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    Be very familiar with your State's laws regarding use of deadly force. Indiana's "Castle Doctrine" (not named that), does NOT authorize pursuit. While the whole situation is tragic, in my opinion, Zimmerman became the aggressor when he initiated pursuit of Martin, and if memory serves, the 911 dispatcher told him that police would rather he didn't pursue. Just my two cents.
    Only when our arms are sufficient, without doubt, can we be certain, without doubt, that they will never be employed....... John F. Kennedy
    Life Member NRA Life Member Marine Corps League

  5. #4
    Quote Originally Posted by Jay View Post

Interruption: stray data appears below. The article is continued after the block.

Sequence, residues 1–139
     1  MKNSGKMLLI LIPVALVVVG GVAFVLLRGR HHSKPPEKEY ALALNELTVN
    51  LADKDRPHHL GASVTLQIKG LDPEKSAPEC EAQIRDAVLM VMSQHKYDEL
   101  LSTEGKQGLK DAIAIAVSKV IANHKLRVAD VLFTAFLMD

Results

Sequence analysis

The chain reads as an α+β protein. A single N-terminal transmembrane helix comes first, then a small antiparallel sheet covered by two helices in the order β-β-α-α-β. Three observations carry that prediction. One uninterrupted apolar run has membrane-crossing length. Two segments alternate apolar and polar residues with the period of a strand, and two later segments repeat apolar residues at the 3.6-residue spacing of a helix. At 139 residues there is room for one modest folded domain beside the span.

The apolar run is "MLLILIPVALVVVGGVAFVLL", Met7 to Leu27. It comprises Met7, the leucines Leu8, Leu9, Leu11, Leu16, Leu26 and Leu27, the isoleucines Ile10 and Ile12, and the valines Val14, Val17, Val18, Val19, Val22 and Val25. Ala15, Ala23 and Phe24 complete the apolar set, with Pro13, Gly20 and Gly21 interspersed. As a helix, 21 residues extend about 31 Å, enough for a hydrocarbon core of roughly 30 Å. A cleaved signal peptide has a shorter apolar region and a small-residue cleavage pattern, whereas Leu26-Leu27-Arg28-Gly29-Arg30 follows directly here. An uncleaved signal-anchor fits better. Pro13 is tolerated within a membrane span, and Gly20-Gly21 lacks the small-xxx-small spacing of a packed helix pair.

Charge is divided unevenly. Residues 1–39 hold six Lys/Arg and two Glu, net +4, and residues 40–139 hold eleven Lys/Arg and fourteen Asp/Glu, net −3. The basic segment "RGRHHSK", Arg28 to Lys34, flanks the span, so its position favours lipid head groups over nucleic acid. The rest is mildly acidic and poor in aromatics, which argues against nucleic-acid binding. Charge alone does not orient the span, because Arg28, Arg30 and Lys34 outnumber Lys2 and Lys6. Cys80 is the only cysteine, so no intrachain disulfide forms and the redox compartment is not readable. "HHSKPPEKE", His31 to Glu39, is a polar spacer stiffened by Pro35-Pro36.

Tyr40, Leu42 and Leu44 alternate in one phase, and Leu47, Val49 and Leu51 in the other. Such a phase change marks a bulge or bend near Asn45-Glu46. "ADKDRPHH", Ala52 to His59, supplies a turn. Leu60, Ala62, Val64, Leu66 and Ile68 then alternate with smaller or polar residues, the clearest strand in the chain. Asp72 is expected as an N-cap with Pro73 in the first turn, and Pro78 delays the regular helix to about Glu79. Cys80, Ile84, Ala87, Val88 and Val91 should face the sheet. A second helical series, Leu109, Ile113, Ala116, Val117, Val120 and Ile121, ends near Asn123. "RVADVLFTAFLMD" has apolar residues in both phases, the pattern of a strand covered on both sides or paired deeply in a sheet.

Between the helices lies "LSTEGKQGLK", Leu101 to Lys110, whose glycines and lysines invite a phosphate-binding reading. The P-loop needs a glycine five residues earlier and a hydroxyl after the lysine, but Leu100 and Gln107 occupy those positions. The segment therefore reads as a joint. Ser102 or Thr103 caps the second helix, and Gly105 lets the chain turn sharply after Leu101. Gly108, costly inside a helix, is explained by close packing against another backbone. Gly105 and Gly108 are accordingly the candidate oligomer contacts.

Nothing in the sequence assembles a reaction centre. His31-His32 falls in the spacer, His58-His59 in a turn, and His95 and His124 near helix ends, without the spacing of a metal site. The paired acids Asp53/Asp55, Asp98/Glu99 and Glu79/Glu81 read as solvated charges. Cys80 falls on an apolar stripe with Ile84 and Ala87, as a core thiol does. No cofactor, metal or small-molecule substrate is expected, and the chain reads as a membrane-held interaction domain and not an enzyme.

Be very familiar with your State's laws regarding use of deadly force. Indiana's "Castle Doctrine" (not named that), does NOT authorize pursuit. While the whole situation is tragic, in my opinion, Zimmerman became the aggressor when he initiated pursuit of Martin, and if memory serves, the 911 dispatcher told him that police would rather he didn't pursue. Just my two cents.
    This is something that keeps coming up over and over. The dispatcher told Z they did not need him to follow M and Z said OK. There is no evidence whatsoever from any source that says that Z followed M after that. Basically the entire trial is based on Z following M but there is no evidence showing that he did.

  6. #5
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    Quote Originally Posted by FN1910 View Post
    This is something that keeps coming up over and over. The dispatcher told Z they did not need him to follow M and Z said OK. There is no evidence whatsoever from any source that says that Z followed M after that. Basically the entire trial is based on Z following M but there is no evidence showing that he did.